Buying a home is the biggest purchase of your life, so it’s no wonder that it can feel stressful, particularly if you’re a first-time buyer and have no clue what steps are involved. Or maybe it’s a while since you last moved house and you need a refresher.
This article covers all you need to know about the process, from sorting your finances to finding a place and negotiating offers. We explain the jargon and share helpful tips from recent homebuyers, including things they wish they had known at the outset:
Sort your finances before you start house-hunting
Work out your budget; deposit & mortgage
Offer accepted? Next steps
Conveyancing solicitor, mortgage, survey, home insurance
Sort Your Finances (before you start house-hunting)
1. Work out your budget
Know what funds you have available for a deposit. The minimum deposit is normally 5-10% of the property’s value, but the bigger the deposit you can put down, the cheaper the mortgage rates you’ll be offered (because you pose a lower risk to a lender).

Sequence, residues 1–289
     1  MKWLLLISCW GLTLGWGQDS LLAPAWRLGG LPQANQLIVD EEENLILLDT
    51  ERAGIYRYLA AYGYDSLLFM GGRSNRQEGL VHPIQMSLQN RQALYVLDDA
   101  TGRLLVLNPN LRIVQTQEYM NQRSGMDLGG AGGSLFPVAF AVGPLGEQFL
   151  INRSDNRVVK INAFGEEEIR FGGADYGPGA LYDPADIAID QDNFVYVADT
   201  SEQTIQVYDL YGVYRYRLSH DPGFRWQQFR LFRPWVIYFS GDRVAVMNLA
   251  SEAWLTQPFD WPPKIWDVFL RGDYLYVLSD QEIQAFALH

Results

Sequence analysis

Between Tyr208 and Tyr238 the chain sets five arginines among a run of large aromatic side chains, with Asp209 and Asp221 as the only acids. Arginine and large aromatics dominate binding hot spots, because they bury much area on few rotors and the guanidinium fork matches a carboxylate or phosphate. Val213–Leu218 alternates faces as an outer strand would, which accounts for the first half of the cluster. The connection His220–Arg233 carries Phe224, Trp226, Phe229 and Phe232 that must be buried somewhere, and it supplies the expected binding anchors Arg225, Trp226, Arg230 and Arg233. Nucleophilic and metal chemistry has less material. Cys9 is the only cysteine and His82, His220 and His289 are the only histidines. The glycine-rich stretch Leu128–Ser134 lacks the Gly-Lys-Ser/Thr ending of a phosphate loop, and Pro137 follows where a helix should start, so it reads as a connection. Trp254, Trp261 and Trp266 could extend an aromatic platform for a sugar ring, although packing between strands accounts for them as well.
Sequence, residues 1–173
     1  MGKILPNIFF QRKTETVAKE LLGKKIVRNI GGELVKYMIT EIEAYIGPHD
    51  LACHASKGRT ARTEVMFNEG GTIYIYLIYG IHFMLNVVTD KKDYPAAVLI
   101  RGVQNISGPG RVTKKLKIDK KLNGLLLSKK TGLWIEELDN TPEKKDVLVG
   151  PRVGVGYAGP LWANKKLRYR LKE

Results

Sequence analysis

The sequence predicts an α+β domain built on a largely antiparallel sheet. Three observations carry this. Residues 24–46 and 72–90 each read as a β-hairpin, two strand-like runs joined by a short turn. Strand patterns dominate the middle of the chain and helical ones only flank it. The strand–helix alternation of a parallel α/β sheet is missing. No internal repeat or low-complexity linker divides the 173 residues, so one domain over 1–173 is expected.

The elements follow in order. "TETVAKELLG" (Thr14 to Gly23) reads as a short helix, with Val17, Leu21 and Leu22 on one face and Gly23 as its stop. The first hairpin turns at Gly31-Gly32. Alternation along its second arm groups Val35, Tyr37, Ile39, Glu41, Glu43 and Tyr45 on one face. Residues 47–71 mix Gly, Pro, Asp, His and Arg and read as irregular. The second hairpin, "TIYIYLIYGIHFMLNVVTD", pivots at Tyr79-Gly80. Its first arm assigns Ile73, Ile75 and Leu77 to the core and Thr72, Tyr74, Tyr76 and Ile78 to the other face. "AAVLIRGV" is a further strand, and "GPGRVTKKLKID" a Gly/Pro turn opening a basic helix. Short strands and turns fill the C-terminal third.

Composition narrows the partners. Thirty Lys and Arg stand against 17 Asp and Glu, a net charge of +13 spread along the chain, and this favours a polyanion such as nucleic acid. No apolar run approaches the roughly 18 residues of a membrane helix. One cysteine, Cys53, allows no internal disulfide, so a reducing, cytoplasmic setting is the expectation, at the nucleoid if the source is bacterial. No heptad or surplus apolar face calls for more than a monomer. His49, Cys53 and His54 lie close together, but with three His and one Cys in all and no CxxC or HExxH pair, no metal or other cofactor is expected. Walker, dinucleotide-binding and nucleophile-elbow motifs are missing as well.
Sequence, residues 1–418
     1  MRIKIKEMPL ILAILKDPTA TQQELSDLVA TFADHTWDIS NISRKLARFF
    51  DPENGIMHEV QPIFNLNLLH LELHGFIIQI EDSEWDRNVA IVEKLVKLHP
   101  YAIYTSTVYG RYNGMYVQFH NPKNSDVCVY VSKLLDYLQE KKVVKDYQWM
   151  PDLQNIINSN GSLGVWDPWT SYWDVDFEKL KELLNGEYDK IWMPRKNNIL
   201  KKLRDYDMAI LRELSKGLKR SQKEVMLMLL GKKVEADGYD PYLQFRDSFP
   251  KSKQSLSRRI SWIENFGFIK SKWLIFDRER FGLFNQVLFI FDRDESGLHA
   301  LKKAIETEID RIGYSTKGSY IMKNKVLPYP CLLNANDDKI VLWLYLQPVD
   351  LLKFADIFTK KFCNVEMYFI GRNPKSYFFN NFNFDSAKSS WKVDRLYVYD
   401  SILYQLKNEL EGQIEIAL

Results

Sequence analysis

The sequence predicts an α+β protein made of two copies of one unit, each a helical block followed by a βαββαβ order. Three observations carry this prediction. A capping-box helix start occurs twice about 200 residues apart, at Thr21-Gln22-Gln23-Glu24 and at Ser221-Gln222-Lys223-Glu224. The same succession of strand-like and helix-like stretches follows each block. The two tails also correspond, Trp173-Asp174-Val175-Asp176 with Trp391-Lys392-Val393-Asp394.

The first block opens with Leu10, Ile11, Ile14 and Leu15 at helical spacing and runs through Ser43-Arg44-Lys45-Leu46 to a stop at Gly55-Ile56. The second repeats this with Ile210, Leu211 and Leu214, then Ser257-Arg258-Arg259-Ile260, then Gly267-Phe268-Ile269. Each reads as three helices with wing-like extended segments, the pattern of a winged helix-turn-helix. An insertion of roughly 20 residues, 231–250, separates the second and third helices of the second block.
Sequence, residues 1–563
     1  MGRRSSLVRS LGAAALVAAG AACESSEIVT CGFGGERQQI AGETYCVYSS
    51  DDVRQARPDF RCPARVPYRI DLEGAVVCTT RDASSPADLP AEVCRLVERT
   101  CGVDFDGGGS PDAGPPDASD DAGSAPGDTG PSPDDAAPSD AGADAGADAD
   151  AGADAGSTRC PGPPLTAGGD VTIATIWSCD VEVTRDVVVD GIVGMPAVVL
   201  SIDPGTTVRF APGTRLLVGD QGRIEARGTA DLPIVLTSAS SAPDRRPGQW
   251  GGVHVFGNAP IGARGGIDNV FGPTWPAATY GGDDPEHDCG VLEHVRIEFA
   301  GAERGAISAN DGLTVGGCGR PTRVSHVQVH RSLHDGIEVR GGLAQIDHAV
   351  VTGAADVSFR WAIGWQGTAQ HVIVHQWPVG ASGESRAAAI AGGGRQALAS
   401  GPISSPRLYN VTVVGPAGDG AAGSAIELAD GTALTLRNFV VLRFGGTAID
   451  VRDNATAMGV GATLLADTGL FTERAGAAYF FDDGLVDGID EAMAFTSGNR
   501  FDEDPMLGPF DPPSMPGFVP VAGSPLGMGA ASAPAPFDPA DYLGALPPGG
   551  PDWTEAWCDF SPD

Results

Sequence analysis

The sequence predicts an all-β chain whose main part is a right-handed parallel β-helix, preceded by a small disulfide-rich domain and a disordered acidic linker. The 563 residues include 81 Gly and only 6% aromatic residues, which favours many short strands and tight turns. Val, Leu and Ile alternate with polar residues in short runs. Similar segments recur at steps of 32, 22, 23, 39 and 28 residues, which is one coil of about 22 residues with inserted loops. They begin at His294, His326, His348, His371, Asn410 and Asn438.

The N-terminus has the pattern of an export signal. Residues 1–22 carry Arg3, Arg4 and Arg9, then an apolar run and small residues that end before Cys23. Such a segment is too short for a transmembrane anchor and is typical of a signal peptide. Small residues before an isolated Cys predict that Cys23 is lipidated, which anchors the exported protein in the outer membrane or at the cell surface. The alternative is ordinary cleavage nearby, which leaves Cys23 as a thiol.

Work out what you can afford to spend on monthly mortgage payments. Mortgages are a long-term financial commitment, so do consider any potential changes in your financial situation, and don’t overstretch yourself.
You will also need to budget for additional fees and costs such as:
- Stamp Duty (or Transaction Tax in Scotland and Wales). This land tax can be a hefty payment, depending on the value of the property.
- Legal fees and mortgage arrangement fees
- Home insurance
- Removal costs
- Kitting out your new home
What is Stamp Duty?
Stamp Duty land tax (or Transaction Tax in Scotland and Wales) is a lump-sum tax paid when you purchase a property or land, costing above a set amount. The tax rate depends on the price and type of property, where it is in the UK, and whether you’re a first-time buyer.